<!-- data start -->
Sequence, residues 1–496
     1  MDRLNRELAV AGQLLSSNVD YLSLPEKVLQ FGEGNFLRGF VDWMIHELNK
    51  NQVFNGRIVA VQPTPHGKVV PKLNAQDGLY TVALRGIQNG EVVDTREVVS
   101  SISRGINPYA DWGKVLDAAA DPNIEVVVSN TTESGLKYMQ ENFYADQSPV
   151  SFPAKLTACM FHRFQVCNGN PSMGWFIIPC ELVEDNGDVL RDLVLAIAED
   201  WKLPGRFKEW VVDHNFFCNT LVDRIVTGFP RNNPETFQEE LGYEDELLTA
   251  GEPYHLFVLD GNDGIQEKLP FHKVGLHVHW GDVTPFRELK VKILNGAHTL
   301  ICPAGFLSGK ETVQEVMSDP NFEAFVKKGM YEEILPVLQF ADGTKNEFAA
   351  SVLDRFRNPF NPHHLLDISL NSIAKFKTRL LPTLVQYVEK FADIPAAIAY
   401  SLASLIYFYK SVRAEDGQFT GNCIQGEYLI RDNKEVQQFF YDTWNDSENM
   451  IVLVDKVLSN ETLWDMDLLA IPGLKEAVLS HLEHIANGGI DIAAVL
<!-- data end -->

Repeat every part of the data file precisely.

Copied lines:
Sequence, residues 1–496
     1  MDRLNRELAV AGQLLSSNVD YLSLPEKVLQ FGEGNFLRGF VDWMIHELNK
    51  NQVFNGRIVA VQPTPHGKVV PKLNAQDGLY TVALRGIQNG EVVDTREVVS
   101  SISRGINPYA DWGKVLDAAA DPNIEVVVSN TTESGLKYMQ ENFYADQSPV
   151  SFPAKLTACM FHRFQVCNGN PSMGWFIIPC ELVEDNGDVL RDLVLAIAED
   201  WKLPGRFKEW VVDHNFFCNT LVDRIVTGFP RNNPETFQEE LGYEDELLTA
   251  GEPYHLFVLD GNDGIQEKLP FHKVGLHVHW GDVTPFRELK VKILNGAHTL
   301  ICPAGFLSGK ETVQEVMSDP NFEAFVKKGM YEEILPVLQF ADGTKNEFAA
   351  SVLDRFRNPF NPHHLLDISL NSIAKFKTRL LPTLVQYVEK FADIPAAIAY
   401  SLASLIYFYK SVRAEDGQFT GNCIQGEYLI RDNKEVQQFF YDTWNDSENM
   451  IVLVDKVLSN ETLWDMDLLA IPGLKEAVLS HLEHIANGGI DIAAVL